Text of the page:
The Egyptian Geological Museum: A Ship in the Sea of fossils
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The Egyptian Geological Museum: A Ship in the Sea of fossils

The Egyptian Geological Museum is considered the first of its kind in the Arab world and the Middle East. It is located on the Nile Corniche in Maadi and is over a hundred years old.

It includes a meteorite from Mars and a dinosaur.. The Egyptian Geological Museum

The Egyptian Geological Museum

The Egyptian Geological Museum is a museum located in Zahraa El Maadi, Egypt. The museum was established in 1901 following the establishment of the Egyptian Geological Survey in 1896, which was ordered by Khedive Ismail. The Egyptian Geological Museum is the first of its kind in the Middle East, the Arab world, and Africa.

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The museum displays various samples of rocks, minerals, and fossils arranged and classified, and the first samples that were presented in the museum were the samples collected from Fayoum for the fossils of mammalian vertebrates in 1898 and sent to England in 1899 for identification and study, and then returned to Egypt.

The Egyptian Geological Museum

The museum is served by a library with references dating back to 1778, as well as modern references and bibliographies, which are available to the public and scholars. The museum also houses some laboratories specialized in mineral and petrology studies and fossils (vertebrates and invertebrates). Models of rare vertebrate fossils were made to facilitate detailed studies and the preservation of original specimens.

The Egyptian Geological Museum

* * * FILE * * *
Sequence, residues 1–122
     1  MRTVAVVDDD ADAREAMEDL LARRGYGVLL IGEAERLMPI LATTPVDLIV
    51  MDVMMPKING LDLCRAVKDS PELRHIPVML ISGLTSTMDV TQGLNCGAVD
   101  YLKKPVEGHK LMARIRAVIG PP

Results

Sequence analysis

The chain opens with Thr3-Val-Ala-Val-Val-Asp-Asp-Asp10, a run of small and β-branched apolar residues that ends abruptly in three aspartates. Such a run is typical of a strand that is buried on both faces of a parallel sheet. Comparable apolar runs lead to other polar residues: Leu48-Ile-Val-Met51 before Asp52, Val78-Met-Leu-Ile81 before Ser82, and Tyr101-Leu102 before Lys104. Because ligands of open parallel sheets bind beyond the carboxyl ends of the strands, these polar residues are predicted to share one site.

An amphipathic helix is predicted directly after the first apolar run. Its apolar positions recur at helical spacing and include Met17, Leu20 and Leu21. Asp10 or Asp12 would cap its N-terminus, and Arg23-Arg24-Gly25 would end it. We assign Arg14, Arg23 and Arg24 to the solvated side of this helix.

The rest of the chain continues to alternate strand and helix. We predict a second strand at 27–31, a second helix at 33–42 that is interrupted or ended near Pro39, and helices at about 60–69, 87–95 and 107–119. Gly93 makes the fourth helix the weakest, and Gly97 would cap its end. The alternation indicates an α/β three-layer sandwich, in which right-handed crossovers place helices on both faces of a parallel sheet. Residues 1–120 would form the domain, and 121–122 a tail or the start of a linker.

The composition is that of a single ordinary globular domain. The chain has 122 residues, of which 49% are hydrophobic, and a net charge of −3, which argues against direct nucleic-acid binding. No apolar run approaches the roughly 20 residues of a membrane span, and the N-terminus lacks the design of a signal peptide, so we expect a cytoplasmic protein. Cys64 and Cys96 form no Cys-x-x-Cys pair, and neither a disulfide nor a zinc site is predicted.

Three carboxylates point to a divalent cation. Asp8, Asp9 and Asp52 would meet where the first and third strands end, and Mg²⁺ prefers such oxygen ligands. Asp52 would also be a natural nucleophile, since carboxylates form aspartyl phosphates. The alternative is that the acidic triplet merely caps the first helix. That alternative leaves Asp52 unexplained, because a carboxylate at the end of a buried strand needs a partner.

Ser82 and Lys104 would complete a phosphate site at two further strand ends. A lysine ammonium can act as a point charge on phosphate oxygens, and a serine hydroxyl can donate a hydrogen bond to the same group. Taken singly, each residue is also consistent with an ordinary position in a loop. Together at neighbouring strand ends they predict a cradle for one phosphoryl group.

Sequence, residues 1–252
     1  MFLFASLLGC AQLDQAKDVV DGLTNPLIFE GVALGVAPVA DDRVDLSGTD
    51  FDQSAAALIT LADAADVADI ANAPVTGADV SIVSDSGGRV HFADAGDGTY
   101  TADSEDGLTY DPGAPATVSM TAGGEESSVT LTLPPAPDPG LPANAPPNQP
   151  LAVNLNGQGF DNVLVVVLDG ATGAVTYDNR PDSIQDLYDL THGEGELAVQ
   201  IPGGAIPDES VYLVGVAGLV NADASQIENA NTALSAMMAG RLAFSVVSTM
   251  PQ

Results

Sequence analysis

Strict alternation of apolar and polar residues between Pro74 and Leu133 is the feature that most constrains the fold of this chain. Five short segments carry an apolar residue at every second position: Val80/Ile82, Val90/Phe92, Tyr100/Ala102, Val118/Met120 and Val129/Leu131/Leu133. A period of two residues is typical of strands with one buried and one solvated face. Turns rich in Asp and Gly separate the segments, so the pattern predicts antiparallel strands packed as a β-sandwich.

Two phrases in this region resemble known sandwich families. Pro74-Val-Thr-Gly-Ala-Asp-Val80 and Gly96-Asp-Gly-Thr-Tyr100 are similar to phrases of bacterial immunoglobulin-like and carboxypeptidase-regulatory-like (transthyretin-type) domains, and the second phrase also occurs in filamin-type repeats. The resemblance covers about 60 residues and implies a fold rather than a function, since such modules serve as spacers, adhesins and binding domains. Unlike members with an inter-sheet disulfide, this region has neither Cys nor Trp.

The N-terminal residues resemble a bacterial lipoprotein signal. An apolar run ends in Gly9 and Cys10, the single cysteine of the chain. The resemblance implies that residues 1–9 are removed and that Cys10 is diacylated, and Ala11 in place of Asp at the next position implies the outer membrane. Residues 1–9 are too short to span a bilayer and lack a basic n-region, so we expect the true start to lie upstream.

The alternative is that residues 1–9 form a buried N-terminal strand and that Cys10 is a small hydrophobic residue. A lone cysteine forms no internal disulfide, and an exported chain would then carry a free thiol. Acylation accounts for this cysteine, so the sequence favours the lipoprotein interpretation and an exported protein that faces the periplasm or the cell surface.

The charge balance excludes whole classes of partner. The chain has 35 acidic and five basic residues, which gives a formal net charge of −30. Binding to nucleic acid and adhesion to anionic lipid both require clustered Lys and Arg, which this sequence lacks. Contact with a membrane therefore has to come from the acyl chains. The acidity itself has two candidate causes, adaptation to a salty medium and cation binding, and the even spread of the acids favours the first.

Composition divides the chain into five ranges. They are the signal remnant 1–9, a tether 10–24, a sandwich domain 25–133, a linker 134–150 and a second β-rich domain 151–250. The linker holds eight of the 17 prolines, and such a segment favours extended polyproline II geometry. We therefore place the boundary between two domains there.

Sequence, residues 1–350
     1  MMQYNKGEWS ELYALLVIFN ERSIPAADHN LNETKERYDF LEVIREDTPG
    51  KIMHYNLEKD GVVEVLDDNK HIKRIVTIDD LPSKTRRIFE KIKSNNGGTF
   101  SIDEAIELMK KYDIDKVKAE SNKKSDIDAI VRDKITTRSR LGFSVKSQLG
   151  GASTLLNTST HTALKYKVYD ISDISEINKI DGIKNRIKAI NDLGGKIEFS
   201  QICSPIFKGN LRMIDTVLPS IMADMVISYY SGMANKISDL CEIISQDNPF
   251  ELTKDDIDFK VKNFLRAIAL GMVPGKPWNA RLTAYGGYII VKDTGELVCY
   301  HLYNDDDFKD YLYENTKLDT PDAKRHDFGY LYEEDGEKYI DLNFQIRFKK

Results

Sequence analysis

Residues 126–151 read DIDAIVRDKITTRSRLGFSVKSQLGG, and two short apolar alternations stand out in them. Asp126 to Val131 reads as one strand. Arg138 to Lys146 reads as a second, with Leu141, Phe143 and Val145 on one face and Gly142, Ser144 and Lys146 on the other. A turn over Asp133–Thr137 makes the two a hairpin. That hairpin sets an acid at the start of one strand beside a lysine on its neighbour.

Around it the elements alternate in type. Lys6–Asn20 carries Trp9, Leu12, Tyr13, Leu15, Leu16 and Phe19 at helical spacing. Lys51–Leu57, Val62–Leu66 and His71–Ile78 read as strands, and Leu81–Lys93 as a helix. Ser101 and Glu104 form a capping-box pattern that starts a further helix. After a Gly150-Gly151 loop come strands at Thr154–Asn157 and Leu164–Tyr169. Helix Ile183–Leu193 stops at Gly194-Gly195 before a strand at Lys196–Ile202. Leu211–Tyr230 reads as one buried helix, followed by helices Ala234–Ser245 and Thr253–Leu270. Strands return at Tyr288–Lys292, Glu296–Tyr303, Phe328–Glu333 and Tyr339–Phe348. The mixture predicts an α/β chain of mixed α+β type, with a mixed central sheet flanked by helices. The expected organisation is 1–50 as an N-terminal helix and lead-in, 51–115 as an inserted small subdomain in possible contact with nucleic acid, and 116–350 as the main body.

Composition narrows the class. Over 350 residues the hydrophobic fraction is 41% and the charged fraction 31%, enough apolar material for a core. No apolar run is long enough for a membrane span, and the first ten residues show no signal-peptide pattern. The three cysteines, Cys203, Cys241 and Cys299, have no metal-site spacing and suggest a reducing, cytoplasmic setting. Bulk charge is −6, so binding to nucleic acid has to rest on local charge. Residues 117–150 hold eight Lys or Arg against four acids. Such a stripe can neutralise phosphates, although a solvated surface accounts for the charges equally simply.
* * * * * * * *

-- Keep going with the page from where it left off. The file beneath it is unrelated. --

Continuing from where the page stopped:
The Museum participates in studies of reserves and prominent geological features in order to increase public environmental awareness. Joint research and collaboration with other international geological surveys, universities, and museums are among the museum’s main interests, as the museum collaborated with Duke University (USA), the Toronto and Milan Geological Museums (Italy), and the Natural History Museum in London (UK). The museum also provides support to the local museums in universities and schools, which includes providing samples and training for secondary school teachers and specialists from other scientific institutions.

The Egyptian Geological Museum

During World War II, most of the important samples were buried in the sand so that they would not be subject to damage if the place was bombed. After the war, the samples were returned to display in the Geological Museum.

The collections are distributed in the galleries of the museum, where they are displayed using modern scientific methods and supervised by a group of geologists. The museum displays a large collection of minerals and rocks, arranged and classified according to the latest divisions. Among the exhibits in the hall are a group of precious stones, a group of amber and wrought shells belonging to the former royal family, and donated groups of natural and synthetic sapphires.

The Egyptian Geological Museum

The museum has many vertebrate fossils in addition to a complete skeleton of a whale of the same type that was discovered in 1901 by the English scientist, Bidenell. It also contains the first fossilized bones, which were discovered by the scientist George Schwenforth in 1879 in Lake Qarun in Fayoum.

The museum also includes a meteorite originating from Mars, a meteorite that fell on the village of Nakhla in the Buhaira Governorate in 1908 and is one of only 33 meteorites in the world originating from Mars.

Also read : The Valley of Kings:How Ancient Egyptians Lived and Worked

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